St. Justin, Martyr

St. Justin, Martyr
1 Peter 4:7-13  +  Mark 11:11-26
June 1, 2018

“…forgive anyone against whom you have a grievance….”

Saint Mark, in composing the Gospel passage that we hear today, uses a literary technique to show the meaning of faith.  He takes what would seem like two different scenes—Jesus cursing the fig tree, and Jesus confronting those who profane the Temple—and combines them in order to form a single passage, in which one illuminates the other.

The purpose of the Gospel as a whole is to proclaim the Good News of Jesus Christ.  In this particular passage, the good news is that placing faith in Christ produces miraculous fruit in our lives.

The Good News of Jesus stands in sharp contrast to the messages of self-fulfillment that the world tries to preach in so many forms.  Therefore, the four evangelists use images of contrast in order to convey the Gospel.  The withered fig tree is an image of those who have no faith, such as those who profane the Temple.  Such are those who live by the standards of the world.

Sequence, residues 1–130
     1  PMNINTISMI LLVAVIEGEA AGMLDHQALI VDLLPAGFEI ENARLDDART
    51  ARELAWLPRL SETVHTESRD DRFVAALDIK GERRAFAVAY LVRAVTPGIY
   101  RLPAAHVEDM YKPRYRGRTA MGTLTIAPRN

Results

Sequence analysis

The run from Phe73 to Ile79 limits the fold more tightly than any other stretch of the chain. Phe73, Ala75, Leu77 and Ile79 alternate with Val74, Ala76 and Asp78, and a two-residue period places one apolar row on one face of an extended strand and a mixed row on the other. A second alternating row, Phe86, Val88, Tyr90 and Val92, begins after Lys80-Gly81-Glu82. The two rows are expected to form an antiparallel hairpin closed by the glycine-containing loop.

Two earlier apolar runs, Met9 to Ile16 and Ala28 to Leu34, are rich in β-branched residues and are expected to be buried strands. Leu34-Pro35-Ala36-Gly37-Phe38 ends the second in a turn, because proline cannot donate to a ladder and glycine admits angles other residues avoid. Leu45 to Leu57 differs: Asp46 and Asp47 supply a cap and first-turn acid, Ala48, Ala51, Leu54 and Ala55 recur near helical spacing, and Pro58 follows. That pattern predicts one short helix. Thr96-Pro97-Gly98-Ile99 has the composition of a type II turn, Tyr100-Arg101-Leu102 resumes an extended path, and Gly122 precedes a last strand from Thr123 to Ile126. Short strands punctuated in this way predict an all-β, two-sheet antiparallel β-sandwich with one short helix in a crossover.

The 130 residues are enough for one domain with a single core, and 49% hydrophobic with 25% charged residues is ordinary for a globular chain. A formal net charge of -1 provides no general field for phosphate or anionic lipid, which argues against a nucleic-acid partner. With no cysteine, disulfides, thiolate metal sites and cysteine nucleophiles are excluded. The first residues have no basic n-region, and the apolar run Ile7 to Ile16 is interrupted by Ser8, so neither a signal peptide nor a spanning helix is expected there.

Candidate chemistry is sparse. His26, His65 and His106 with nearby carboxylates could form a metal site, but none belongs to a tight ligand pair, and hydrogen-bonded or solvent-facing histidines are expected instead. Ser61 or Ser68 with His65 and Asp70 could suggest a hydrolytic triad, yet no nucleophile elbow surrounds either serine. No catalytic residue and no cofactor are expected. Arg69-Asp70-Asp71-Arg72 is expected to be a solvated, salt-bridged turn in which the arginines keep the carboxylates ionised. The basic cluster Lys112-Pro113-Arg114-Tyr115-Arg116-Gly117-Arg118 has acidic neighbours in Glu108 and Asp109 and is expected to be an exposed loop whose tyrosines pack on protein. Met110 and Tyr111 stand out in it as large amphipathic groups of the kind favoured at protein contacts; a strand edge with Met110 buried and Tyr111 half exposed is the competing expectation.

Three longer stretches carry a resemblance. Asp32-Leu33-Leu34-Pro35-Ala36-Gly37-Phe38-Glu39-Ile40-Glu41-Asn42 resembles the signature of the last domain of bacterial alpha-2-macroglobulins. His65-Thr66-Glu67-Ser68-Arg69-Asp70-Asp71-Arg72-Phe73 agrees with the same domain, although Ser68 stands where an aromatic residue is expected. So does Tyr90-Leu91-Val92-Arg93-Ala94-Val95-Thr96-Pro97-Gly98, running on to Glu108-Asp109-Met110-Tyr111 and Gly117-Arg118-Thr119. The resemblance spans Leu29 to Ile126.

We are called, however, to make an act of faith in Christ Jesus.  Today we recognize especially the first step involved in such an act, declared by Our Lord in the last sentence of today’s Gospel passage:  “When you stand to pray, forgive anyone against whom you have a grievance so that your heavenly Father may in turn forgive you your faults.”